13. I don't think prices should be listed. Even if you DO compete on price, you would never want to SAY you do...

    A couple of other thoughts:
    1) Most RE photographers have "packages" or "levels" of pricing. By publishing the prices, clients are more likely to self-select into a package, when a phone consult would have let the photographer choose the more appropriate level.

    2) If you ever expect to shoot anything other than what you shoot right now (e.g. for more money) -- you're effectively locking yourself out of that market by announcing that all you do is low-priced work. You won't be getting calls for anything that's not "on the menu" -- so it's better not to put a menu out at all.

  14. Glad I came back to re-review everyone's thoughts on this post.

    I'm wrapping up my second year now and debated many of these points over time. I elected to post my prices and its served me well. 'Do something, even if it's wrong,' was the mindset I took. Ship it, see what works, adjust.

    Posting prices really worked very well for me just starting out. Clients typically called already having been pre-sold. Clients call, many having already visited my site, we discuss what they're after, and they book a date. And, about 90% go for the bottom rate.

    In recent months, I'm just now seeing evidence of word-of-mouth and repeat business. The clients have started taking a notably higher-end direction. Many find me, look at the portfolio and then call, without having looked at the posted prices. I know I'm in an acceptable range already when I quote prices, particularly for high-end realtors and developers, and they don't even blink an eye.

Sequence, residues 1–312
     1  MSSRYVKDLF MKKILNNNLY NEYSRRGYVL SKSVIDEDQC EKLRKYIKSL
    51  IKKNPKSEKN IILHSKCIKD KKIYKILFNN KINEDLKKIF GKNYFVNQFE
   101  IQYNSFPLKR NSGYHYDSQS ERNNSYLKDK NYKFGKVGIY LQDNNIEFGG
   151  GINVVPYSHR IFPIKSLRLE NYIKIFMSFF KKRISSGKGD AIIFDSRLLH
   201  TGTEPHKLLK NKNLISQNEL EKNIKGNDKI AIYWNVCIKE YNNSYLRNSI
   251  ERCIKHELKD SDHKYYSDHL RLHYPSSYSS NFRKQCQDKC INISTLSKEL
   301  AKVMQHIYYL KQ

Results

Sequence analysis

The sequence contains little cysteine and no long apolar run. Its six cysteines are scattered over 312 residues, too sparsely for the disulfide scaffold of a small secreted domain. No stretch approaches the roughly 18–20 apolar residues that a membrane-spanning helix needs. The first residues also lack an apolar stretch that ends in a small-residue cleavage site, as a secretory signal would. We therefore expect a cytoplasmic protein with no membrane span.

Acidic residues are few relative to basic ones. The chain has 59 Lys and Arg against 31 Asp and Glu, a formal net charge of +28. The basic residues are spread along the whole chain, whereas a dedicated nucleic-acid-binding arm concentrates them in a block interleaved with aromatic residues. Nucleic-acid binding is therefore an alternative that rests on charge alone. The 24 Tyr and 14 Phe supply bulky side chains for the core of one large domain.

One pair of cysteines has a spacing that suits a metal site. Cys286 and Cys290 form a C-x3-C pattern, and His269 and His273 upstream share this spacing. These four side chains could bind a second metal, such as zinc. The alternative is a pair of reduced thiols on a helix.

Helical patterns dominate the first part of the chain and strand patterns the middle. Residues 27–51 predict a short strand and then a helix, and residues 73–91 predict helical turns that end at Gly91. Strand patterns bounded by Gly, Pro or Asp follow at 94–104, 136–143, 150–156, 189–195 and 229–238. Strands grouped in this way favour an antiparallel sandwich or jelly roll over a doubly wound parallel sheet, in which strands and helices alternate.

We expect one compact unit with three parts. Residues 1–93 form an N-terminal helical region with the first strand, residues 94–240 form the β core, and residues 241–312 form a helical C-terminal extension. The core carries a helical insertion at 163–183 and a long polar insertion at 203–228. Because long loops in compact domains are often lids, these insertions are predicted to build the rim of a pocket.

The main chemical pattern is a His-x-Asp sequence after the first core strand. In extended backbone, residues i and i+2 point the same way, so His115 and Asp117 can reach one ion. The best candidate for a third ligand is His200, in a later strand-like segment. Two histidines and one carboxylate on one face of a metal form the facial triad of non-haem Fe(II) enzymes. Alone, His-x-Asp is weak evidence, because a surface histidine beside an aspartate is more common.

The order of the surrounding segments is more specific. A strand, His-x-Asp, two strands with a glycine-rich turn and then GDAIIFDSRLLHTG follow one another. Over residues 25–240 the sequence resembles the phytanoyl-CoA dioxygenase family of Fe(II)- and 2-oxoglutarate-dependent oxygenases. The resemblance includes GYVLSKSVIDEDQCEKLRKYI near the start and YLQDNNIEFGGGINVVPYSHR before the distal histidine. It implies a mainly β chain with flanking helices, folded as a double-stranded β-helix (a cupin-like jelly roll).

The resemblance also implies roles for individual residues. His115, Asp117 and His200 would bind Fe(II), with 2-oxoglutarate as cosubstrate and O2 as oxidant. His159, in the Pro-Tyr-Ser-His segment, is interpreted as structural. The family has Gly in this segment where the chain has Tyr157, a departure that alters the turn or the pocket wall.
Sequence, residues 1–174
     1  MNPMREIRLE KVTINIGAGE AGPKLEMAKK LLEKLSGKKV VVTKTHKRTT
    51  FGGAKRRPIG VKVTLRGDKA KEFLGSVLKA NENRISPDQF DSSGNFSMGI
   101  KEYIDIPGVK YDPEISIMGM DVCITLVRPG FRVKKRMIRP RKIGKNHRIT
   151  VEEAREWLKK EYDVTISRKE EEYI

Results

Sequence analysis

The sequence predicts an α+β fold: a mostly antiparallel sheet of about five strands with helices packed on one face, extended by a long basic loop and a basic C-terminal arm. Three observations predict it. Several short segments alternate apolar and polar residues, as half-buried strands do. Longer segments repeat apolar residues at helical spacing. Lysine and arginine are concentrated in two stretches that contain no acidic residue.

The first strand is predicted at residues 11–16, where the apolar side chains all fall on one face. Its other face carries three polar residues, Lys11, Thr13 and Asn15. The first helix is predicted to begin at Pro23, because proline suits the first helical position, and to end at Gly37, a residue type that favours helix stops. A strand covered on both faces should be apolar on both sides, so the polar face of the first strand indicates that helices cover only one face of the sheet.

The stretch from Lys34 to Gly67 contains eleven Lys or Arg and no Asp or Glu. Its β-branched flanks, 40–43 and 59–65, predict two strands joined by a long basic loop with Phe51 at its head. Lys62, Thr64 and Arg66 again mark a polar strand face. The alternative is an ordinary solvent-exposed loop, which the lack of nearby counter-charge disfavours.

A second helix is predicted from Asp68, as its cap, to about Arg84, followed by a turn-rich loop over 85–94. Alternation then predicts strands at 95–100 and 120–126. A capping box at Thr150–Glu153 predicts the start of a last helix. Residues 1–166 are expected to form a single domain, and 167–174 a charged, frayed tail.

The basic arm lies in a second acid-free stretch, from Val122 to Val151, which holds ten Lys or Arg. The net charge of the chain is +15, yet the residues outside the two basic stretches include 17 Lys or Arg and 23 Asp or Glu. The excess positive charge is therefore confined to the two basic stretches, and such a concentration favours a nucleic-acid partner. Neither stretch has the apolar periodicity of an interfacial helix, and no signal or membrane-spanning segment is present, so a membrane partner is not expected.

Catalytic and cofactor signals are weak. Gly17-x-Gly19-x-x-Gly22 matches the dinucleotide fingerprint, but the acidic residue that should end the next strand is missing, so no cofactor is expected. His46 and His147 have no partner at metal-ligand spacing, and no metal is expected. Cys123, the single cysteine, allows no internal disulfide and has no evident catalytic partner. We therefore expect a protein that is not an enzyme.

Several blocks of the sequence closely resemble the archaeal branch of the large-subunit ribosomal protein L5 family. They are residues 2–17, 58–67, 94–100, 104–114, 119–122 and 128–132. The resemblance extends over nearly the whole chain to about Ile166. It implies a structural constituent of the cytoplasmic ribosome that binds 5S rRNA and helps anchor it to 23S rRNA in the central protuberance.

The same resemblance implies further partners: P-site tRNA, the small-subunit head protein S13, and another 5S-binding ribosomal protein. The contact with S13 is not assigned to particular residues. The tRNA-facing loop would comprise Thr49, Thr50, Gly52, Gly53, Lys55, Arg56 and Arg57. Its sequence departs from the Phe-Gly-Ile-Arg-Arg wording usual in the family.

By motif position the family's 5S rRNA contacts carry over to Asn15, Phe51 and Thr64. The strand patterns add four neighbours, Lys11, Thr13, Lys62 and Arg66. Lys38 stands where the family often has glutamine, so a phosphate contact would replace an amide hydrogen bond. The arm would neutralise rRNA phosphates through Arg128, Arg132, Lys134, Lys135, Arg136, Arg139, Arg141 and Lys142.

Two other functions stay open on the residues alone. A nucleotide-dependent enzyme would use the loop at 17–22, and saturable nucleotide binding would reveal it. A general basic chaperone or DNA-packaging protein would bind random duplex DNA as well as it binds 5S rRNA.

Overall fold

Already considering what I would do in preparation for next year, Scott's comment just flipped the switch for me. I am slowly becoming established. Operating like McDonalds with fixed-price menu was helpful initially. Now, I think there's more potential for it to be a significant capping effect. While I am getting more 'custom' jobs now, I want them to become more the norm.

    A bit of humor: Guess what the #1 question is that first-time callers ask, is? Keeping in mind that most find me on the web and they've already visited my site (telling me they had looked at my pictures). The question, "Do you do real estate photography?" I bet I get the question 75% of the time.

  15. I don't see anything necessarily adverse about showing pricing on your website. However, if you do that, I think it should only be on a website that is dedicated exclusively to real estate photography for marketing individual homes for sale or long-term rental.